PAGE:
The recording of reasons ensures that the authority applies its mind to the case and that the reasons which impelled the authority to take the decision in question are germane to the content and scope of the power vested in the decision maker or authority.

In the present case, the 1st respondent wrote a letter to the applicant which is reproduced hereunder;


I refer to your letter Ref. No. KBB/0215/2011 dated 17th September 2018 in which you requested the Public Service Commission to reverse the earlier decision to dismiss Mr. Juma Nkunyingi Ssembajja and have him reinstated with accrued benefits from November 2012.

This matter was considered by the Public Service Commission during its Meeting held on Friday 23rd November 2018. The request was however not accepted.

The purpose of this letter is therefore, is to convey to you the decision of the Public Service Commission on the matter.

Dr. John Geoffrey Mbabazi


Public Service Commission

The above decision does not have any reasons for the decision and will definitely leave a reasonable person wondering whether justice was done or it was made as a mere formality. Giving of reasons ensures that the hearing was not a meaningless charade.

Therefore for the above reasons herein the decision of the 1st respondent is found to have been procedurally improper and made in breach of rules of natural justice and fairness as envisaged under Article 42 of the Constitution.


What remedies are available to the parties?

The ever-widening scope given to judicial review by the courts has caused a shift in the traditional understanding of what the prerogative writs were designed for. For example, whereas certiorari was designed to quash a decision founded on excess of power, the courts may now refuse a remedy if to grant one would be detrimental to good administration, thus recognising greater or wider discretion than before or would affect innocent third parties.

The grant of judicial review remedies remains discretionary and it does not automatically follow that if there are grounds of review to question any decision or action or omission, then the court should issue any remedies available. The court may not grant any such remedies even where the applicant may have a strong case on the merits, so the courts would weigh various factors to determine whether they should lie in any particular case. See R vs Aston University Senate ex p Roffey [1969] 2 QB 558, R vs Secretary of State for Health ex p Furneaux [1994] 2 All ER 652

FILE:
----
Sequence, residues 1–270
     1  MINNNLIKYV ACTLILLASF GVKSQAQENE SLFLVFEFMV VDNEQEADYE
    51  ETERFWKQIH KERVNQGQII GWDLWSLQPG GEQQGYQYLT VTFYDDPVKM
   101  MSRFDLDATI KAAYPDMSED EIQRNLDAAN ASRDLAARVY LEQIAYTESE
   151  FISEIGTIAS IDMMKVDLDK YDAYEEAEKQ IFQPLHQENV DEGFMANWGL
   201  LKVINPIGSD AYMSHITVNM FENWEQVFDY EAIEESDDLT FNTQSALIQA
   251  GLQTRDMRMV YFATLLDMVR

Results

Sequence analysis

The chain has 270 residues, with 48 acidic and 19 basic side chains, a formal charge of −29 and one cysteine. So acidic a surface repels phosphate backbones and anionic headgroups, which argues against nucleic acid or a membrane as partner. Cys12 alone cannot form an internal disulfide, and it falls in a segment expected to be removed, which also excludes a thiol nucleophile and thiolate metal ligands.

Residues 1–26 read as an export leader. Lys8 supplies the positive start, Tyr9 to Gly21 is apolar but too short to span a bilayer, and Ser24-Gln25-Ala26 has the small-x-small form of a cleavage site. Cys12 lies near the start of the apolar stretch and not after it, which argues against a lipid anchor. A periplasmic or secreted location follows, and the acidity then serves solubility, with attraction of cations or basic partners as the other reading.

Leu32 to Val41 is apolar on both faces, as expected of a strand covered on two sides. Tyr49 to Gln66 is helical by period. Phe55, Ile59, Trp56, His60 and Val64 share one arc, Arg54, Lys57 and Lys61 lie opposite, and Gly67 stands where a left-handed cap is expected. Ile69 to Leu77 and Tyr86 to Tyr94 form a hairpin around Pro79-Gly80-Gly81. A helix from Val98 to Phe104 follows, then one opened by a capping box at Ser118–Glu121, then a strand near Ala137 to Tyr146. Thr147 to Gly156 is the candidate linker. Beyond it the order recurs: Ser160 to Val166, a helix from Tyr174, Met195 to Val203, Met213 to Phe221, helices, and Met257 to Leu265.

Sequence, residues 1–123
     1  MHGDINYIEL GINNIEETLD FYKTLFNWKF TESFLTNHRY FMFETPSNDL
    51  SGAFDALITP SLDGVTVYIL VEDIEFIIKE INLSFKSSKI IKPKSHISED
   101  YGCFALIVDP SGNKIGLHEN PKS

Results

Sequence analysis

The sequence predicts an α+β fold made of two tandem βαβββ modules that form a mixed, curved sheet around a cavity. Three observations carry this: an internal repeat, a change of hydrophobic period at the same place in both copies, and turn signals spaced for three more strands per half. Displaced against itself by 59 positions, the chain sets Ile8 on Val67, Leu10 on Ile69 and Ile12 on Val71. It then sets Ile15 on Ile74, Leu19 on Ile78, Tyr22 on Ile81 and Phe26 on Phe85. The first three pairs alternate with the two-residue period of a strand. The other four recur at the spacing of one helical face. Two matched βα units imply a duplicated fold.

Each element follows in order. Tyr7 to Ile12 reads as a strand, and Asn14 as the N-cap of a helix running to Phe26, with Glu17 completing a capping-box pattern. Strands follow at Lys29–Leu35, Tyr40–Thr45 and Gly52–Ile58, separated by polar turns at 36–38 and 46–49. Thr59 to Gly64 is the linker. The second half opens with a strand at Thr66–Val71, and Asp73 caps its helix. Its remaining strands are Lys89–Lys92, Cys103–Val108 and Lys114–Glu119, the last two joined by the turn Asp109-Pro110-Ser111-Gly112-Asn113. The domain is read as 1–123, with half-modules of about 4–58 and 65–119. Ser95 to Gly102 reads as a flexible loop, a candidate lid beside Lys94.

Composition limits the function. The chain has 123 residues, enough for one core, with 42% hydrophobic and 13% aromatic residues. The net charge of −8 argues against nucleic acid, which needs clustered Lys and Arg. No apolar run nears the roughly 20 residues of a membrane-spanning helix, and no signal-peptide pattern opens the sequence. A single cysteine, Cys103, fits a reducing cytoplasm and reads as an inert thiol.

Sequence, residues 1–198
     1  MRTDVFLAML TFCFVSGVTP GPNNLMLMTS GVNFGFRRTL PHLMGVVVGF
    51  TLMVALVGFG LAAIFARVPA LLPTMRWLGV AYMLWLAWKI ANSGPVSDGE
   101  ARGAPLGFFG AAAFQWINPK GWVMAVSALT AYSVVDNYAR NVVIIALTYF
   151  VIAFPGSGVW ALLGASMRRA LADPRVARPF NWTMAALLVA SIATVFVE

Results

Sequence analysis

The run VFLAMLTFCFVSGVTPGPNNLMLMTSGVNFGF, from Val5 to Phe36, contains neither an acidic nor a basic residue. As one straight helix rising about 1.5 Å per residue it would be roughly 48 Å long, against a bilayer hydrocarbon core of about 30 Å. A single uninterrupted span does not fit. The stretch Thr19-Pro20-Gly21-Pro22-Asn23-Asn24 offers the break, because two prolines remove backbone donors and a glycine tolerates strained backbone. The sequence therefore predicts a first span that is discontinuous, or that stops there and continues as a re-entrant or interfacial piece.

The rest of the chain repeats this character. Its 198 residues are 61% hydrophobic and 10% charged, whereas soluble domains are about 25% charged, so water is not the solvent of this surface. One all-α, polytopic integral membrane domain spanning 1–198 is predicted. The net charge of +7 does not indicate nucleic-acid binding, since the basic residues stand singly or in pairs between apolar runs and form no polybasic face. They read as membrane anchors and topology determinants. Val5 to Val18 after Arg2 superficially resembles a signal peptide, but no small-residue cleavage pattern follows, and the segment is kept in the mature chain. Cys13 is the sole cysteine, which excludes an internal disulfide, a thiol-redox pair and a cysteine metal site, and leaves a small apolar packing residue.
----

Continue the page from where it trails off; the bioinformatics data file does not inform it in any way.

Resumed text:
The decision of the Public Service Commission refusing to reinstate the applicant to the Public Service Commission of Uganda and payment of all accrued benefits from November 2012 and the decision contained in the letter dated 3rd December 2018 is quashed for procedural impropriety.

General damages

Plaintiffs must understand that if they bring actions for damages, it is for them to prove their damage; it is not enough to write down particulars and so to speak, throw them at the head of the court, saying, “This is what I have lost, I ask you to give these damages” They have to prove it. See Bendicto Musisi vs Attorney General HCCS No. 622 of 1989 [1996] 1 KALR 164 & Rosemary Nalwadda vs Uganda Aids Commission HCCS No.67 of 2011

The applicant did not guide court on the nature of the loss or injury suffered apart from stating that “the applicant as a result of the respondent’s unjustified, illegal and high handed actions been inconvenienced, psychologically tortured, embarrassed amongst his pears and professionals, family denied a source of livelihood for which he seeks exemplary and general damages.”

In the submissions of the applicant, he sought general damages of 300,000,000/= and punitive damages. The above are not supported by any evidence and there is no basis whatsoever. Secondly, judicial review is not about seeking damages but rather correcting public wrongs. Damages are awarded in rarest of the rare cases and in exceptional circumstances.

This court awards the applicant his entitlements as per his contract of employment which stood as at the time of filing the pleadings at a sum of 153,920,000/= as damages for inconvenience suffered since the illegal dismissal in 2012 November until the determination of his appeal.

The award of entitlements shall accrue an interest of 20% from the time the amount was due until payment in full.

The application is allowed with costs against the respondents.

 I so order

Dated, signed and delivered by email at Kampala this 30th day of April 2020